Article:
The telecommunications industry is now entering an exciting phase of development many refer to as the Internet of Everything (IoE), including Internet of Humans (IoH), Internet of Digital (IoD), and Internet of Sensors (IoS). The objective here is to bring more “smartness” to the way humans and machines communicate. In order for this vision to materialize, enabling technologies must be harmonized under a common paradigm so they can enable seamless experiences across various verticals. There are five key technologies upon which the IoE world is built, namely sensor networks, connectivity, processing, software platforms, actuation technologies, and big data and machine learning. Based on these building blocks, the Semiconductors sector looks at the strategic technology deployment across various verticals with unparalled technology granularity covering all WLAN and WWAN technologies and technology combinations, processing platforms including CPUs, MCUs, MPUs, DSPs, ISPs, heterogeneous computing, high performance computing, key sensor technologies, and sensor fusions targeting various use cases from motion sensing, environment sensing, optical, and image sensing, to acoustic sensing and biometric sensing.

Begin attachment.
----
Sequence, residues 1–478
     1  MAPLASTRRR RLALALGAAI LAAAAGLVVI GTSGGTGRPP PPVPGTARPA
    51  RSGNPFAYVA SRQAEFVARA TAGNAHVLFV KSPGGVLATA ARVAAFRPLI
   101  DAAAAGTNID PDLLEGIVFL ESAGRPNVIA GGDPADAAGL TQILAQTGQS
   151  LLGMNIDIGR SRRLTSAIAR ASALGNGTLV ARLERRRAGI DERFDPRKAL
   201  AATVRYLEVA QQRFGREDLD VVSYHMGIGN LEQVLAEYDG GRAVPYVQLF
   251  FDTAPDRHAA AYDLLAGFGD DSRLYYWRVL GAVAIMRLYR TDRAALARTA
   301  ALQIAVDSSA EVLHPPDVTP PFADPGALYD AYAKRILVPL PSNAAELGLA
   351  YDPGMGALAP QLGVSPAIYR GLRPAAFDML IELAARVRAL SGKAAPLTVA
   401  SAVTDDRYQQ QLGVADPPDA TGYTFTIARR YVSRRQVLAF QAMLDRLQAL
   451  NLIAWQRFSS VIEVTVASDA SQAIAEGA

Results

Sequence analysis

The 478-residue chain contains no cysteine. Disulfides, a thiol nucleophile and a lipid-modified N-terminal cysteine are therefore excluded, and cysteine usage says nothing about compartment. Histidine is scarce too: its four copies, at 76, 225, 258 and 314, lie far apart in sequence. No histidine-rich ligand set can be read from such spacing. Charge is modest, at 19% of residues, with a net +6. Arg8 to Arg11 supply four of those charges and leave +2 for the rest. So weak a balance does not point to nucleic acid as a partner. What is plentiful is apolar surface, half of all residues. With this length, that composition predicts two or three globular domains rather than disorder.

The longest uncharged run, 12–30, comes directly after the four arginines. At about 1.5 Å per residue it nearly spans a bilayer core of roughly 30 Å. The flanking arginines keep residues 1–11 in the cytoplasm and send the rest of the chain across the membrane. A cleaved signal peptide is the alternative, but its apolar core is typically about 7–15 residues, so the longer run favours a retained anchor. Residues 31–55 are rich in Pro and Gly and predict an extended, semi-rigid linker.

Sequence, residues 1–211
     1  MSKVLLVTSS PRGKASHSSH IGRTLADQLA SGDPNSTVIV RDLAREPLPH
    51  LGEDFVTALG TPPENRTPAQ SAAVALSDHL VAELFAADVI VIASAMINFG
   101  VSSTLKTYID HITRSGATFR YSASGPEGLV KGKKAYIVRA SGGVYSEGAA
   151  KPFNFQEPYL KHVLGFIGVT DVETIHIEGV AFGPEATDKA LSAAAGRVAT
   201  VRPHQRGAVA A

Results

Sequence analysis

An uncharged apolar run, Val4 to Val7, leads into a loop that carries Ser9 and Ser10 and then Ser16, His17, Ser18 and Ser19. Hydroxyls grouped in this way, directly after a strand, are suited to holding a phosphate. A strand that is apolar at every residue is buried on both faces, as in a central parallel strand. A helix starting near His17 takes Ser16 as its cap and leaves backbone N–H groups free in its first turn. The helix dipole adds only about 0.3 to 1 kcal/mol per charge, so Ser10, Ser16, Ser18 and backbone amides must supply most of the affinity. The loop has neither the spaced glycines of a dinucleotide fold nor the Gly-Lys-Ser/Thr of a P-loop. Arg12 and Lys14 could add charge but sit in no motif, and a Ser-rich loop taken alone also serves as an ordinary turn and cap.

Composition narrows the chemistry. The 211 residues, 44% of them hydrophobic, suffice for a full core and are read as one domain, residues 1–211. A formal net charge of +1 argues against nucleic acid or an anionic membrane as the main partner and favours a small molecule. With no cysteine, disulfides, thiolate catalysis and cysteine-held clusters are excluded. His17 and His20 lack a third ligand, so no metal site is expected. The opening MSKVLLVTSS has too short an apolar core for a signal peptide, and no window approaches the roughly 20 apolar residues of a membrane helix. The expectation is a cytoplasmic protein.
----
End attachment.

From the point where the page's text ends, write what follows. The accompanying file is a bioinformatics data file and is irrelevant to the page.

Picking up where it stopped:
To many, RFID is a term that should be applied narrowly to define a low-cost license plate tag technology for identification and little else. This kind of technology is targeted at high-volume, low-cost tag applications, such as supply chain tagging of retail goods. But clearly, in its broadest terms, RFID really encompasses anything that identifies itself as uniquely using radio frequency communication – including Bluetooth. Will a short range wireless technology that’s to be specified for the first time later this year expand the definition of RFID even further?